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Baseball bungles Braun case

by Matt Smith

Ryan Braun is one of the brightest young stars in Major League Baseball, so the fact that he will be in a Brewers uniform on Opening Day rather than starting a 50 game suspension should be a good thing.

And it is, for the Brewers and any fantasy team owners who have drafted, or will draft, Braun.

For MLB, Ryan Braun, and baseball’s standing around the world, it’s a mess.

Primarily that’s because somebody involved in the drug-testing process broke the confidentiality that it is built upon and made Braun’s positive test public knowledge before the investigation process was concluded. The investigation process includes the right of appeal before a final decision is made and until this is concluded and a player has been found guilty, none of us should know anything about it.

Transparency is often a prerequisite of showing that justice is done, but baseball has been hounded by suspicions of drug taking and the players have learned how destructive mere rumours can be to their reputation, regardless of whether there is any truth in them. 

As soon as Braun’s name was linked to a positive test, there was always going to be a sizeable minority that would label him a cheat irrespective of whether he was subsequently found innocent on any grounds.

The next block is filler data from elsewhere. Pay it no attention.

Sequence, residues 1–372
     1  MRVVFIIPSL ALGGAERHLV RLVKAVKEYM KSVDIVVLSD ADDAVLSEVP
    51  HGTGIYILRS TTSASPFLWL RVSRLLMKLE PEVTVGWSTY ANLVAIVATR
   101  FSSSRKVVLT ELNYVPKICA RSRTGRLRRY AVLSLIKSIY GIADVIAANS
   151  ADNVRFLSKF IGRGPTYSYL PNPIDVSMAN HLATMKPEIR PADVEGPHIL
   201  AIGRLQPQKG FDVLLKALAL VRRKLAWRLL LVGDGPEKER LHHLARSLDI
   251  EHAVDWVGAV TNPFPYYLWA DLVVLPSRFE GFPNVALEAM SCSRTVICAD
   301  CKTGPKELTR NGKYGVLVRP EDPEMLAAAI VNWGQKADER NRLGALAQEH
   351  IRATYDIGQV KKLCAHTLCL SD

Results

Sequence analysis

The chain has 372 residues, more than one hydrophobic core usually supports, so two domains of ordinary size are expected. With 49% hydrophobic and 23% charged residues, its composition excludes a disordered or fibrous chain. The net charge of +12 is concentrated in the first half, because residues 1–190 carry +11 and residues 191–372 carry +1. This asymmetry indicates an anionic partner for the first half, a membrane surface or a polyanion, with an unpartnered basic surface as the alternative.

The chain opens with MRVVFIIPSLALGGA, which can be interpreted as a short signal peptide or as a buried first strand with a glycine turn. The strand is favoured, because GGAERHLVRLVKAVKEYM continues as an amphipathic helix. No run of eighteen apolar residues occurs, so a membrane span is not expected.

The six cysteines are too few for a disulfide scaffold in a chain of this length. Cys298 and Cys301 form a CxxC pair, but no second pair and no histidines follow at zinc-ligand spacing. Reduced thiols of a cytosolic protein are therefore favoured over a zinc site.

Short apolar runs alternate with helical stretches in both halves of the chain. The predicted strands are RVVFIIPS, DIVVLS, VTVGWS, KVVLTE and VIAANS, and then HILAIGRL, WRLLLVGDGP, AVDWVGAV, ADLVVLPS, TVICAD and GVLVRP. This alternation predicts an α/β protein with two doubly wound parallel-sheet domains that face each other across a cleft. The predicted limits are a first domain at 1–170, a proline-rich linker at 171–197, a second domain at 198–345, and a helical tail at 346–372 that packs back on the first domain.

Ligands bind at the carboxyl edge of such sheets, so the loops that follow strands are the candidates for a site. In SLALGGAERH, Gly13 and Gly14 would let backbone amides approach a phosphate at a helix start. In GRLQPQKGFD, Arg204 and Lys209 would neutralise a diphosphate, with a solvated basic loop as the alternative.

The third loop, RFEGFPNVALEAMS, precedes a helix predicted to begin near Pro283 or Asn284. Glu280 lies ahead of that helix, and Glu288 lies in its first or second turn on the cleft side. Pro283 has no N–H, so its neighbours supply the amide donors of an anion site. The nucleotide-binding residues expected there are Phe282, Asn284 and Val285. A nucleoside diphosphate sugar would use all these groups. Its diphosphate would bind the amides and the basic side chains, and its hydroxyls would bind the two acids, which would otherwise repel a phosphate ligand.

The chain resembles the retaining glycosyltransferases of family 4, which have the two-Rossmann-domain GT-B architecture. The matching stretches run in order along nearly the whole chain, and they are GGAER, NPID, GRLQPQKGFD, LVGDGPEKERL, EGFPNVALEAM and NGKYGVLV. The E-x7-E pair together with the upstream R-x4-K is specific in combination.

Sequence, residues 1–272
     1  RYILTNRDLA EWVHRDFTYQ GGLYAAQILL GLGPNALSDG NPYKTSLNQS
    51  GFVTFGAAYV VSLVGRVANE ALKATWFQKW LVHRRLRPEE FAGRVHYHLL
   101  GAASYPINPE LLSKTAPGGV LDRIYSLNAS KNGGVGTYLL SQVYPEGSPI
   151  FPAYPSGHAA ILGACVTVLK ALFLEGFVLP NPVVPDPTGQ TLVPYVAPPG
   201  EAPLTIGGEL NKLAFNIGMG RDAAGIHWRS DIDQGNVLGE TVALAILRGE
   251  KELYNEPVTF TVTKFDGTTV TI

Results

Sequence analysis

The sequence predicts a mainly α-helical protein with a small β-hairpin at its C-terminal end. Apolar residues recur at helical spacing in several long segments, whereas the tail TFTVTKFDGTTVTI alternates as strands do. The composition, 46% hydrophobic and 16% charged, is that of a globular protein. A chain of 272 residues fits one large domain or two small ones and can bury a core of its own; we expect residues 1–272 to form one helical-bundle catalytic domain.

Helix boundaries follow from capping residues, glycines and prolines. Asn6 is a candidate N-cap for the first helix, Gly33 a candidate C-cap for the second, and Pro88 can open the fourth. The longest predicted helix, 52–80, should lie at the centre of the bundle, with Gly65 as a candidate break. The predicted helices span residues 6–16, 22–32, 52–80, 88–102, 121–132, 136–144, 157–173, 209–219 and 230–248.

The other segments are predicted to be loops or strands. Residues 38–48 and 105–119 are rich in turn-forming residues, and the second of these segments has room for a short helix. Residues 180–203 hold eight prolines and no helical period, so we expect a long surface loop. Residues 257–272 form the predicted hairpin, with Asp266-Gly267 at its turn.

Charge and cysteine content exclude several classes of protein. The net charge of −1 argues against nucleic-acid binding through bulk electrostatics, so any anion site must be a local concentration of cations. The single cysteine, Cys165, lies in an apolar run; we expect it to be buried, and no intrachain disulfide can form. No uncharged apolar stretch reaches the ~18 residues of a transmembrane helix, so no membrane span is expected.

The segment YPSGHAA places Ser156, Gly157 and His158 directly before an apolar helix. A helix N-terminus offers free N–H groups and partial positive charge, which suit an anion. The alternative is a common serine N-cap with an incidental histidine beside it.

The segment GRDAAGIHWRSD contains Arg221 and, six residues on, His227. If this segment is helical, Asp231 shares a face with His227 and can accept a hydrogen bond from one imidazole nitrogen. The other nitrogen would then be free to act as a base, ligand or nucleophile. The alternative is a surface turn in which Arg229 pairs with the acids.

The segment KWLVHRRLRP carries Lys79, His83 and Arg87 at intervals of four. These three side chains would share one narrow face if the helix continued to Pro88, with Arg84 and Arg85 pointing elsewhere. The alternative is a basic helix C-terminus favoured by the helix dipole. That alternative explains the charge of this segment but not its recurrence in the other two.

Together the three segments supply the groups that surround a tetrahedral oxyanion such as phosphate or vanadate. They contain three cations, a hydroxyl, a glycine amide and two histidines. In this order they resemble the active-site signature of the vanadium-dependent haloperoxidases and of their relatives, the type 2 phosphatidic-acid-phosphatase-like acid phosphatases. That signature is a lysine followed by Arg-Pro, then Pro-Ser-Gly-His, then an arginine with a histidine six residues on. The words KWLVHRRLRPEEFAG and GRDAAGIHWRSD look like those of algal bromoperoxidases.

That’s simply not fair. If a player is found guilty then he should face his penalty and the public shame, if not then his reputation should not be damaged.

As it turns out, in this case Braun should not have to be facing questions about his honesty. You can say he got off on a ‘technicality’, but if you believe in clean competition and support the drug-testing process then you have to accept that the process resulted in him being acquitted. Every person is innocent until proven guilty. The onus is on the prosecutors to follow the correct processes and to prove their case, which they did not do. 

If – and that’s a big if – Braun did do something then those involved have failed themselves and baseball miserably. They should be scrutinising their practices to make sure those who cheat are successfully prosecuted, rather than spending their time feeding lines to reporters about their insistence that Braun was guilty.

It says a lot about how badly this has been bungled that baseball’s standing right now probably would have been slightly better had Braun, the reigning National League MVP, been found guilty. 

As it is, MLB’s drug testing process has been made to look suspect, while one of the sport’s best current players will forever have his achievements looked at with suspicion by some even though the process put in place to reduce suspicion in the face of facts – showing the majority of players coming up clean and catching the minority of cheaters – didn’t convict him of any wrongdoing.

Just when you thought – and hoped – that baseball had got to grips with the issue of drug-taking, it’s found a way to shoot itself in the foot yet again.